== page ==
The story begins with fourteen-year old David trying to adjust to his family's move to Firetown. He is a bookish kid, and he peruses books as he tries to shelve them in an orderly way in the new house.
His father is a teacher, and the family has moved to a rural area, to the farm where his mother grew up. Her mother (David's grandmother) lives with them. The family is beset by tension. The grandmother has Parkinson's disease, and the mother is stressed from caring for her. The father tries to escape the domestic tension through working.
David contemplates death and religion. He finds both subjects unsettling. He is also uneasy about living in the country, being unfamiliar with it. The mother and father have an ongoing disagreement about chemicals; the mother wants to farm organically, but the father believes in the necessity of chemical intervention. He has little respect for men who farm the land.
David tries to get answers from his pastor to reconcile his rational thoughts with matters of faith. The pastor is unable to help him reconcile those feelings and becomes defensive. David concludes that organized religion is empty but enjoys the thought of salvation. His mother tells him that mankind created God, and David rejects the idea. He is preoccupied with the idea that death is final, and he hopes that there will be an afterlife.
David is told by his mother and grandmother to shoot the pigeons that are fouling the barn and the furniture stored there. David shoots a number of pigeons and then, at his mother's direction, buries them. In looking closely at the intricacy of the markings on the pigeons as he buries them, David seems to come to some answers about God, creation, and death that in some way answer his questions and comfort him.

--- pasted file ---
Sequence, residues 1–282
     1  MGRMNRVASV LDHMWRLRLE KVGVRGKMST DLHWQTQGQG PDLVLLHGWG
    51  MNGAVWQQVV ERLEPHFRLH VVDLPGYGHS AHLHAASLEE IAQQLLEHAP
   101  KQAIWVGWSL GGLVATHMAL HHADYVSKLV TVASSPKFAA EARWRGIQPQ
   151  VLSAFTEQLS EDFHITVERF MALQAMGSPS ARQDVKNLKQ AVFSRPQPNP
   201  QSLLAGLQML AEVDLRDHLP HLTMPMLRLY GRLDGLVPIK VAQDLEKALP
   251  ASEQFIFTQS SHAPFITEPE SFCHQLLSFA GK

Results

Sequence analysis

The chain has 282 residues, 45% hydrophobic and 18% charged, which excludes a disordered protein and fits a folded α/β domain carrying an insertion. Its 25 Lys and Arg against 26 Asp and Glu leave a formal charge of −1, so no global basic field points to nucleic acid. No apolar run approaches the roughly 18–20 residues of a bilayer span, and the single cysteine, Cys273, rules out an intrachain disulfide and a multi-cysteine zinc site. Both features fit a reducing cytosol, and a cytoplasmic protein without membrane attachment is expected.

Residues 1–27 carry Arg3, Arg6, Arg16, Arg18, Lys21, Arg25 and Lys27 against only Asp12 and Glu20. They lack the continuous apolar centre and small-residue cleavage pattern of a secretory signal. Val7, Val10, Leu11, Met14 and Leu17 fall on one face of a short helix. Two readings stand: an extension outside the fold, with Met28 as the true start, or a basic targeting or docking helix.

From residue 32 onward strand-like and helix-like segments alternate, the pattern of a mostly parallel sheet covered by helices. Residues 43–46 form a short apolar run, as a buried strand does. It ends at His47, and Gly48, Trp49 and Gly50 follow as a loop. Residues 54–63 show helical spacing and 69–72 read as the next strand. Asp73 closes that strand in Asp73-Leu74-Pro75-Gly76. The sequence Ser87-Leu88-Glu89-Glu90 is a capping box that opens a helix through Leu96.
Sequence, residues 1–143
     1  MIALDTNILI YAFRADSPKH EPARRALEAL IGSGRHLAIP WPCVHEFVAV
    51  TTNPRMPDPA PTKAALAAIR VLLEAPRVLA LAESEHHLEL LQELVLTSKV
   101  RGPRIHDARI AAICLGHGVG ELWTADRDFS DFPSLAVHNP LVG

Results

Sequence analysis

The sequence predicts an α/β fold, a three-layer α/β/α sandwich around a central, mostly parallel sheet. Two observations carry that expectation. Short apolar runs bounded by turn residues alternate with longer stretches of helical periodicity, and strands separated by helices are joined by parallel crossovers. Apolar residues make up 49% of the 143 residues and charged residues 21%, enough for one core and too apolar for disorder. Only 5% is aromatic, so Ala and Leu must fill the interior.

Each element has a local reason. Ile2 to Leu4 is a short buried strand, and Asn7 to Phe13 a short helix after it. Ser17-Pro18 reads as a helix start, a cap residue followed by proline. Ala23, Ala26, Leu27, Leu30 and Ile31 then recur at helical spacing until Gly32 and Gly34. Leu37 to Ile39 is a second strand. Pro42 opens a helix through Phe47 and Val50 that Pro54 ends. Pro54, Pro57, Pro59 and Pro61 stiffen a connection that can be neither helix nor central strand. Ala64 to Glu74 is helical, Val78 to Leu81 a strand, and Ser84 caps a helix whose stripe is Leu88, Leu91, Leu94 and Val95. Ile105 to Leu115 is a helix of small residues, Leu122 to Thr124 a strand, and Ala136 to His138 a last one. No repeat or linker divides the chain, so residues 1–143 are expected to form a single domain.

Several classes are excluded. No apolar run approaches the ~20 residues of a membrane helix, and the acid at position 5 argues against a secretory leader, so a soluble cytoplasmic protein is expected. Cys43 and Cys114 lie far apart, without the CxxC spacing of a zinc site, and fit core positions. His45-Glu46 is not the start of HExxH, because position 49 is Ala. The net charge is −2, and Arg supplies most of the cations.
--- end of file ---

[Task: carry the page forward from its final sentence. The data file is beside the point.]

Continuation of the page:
“Pigeon Feathers” showcases early several of Updike’s continuing strengths, for the story wrestles with ontological issues in a prose that is stately and powerful. David is a young boy who has moved with his parents to the rural Pennsylvania farm where his mother grew up, and the move has been disturbing. He is used to his parents’ bickering and his senile grandmother’s nervous habits, but when he stumbles upon H. G. Wells’s account of Jesus in The Outline of History (1920) that denies his divinity, “a stone that for weeks and even years had been gathering weight in the web of David’s nerves snapped them and plunged through the page. . . . ” The vague “terror” of his discovery of his mortality, “an exact vision of death,” follows him everywhere, and neither his mother (who senses that something is wrong) nor Reverend Dobson (his Lutheran catechism teacher) can help him. David has experienced his first loss of faith, and the “horror” does not leave him in the next difficult months.
Relief comes for David only when his mother asks him to rid the barn of pigeons, and he takes the Remington .22 he has received for his fifteenth birthday and kills half a dozen of the birds. In burying them, he studies their feathers and “a pattern that flowed without error across the bird’s body. He lost himself in the geometrical tides as the feathers now broadened and stiffened to make an edge for flight, now softened and constricted to cup warmth around the mute flesh.” The discovery somehow renews David’s faith in the divine design of the world, and he feels “robed in this certainty: that the God who had lavished such craft upon these worthless birds would not destroy His whole creation by refusing to let David live forever.”
Throughout his career, Updike has studied what humans substitute in a post-Christian world, at a time when religion no longer seems to provide the answers. In several key works—such as the Rabbit tetralogy and Couples —sex is the answer, but it proves at best unsatisfying. In “Pigeon Feathers,” Updike poses the dilemma and finds in the fearful mind of an adolescent boy a temporary answer. In killing the birds, David plays God, taking life almost...
(The entire section is 1,700 words.)